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Mineral County

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Silver, gold, zinc, lead, and copper gave Mineral County its name, but logging, ranching, and tourism have sustained its economy. Rio Grande National Forest and the Big Blue, La Garita, Weminuche, and Wheeler wilderness areas cover 90 percent of the land, supporting camping, hunting, fishing, and other tourist activities that have supplanted mining. Since Mineral County was formed in 1893, settlement has been mostly confined to the county seat of Creede, the only lively town in a county that once boasted fourteen.

Ranches line the Rio Grande and some of its tributaries, which have worn twisting paths through rocky terrain softened somewhat by sagebrush and upland forests. Some hay and cattle ranches take in tourists, and rental cabins are scattered along Colorado 149, the county's main thoroughfare. Winter tourism revolves around the Wolf Creek Pass Winter Sports Area, which leads Colorado ski areas in snowfall with more than 400 inches a year. U.S. 160 crosses the Continental Divide at Wolf Creek Pass through a concrete snowshed to protect vehicles. The last mine, the Homestake, closed in 1985. The population countywide has fallen from an 1890s peak of more than 2,000 to about 500 year-round residents, 75 percent of whom live in Creede.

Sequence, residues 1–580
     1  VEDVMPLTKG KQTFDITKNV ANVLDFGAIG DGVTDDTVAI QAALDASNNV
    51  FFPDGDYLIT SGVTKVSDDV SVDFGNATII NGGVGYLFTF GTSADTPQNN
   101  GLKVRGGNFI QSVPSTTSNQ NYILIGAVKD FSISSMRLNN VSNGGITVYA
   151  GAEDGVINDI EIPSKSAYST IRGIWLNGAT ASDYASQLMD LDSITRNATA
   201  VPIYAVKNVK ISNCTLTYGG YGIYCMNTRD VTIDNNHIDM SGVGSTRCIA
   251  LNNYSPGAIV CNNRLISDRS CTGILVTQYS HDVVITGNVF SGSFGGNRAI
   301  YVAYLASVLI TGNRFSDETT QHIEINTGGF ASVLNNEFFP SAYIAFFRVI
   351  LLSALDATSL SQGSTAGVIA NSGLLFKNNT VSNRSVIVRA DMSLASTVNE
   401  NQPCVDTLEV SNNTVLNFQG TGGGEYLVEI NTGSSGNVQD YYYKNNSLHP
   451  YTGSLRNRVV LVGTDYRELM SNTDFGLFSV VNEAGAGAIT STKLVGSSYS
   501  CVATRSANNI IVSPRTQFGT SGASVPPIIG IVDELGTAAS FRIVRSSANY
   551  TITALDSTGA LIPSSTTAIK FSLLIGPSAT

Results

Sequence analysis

Writing Credits

Author: 
Thomas J. Noel

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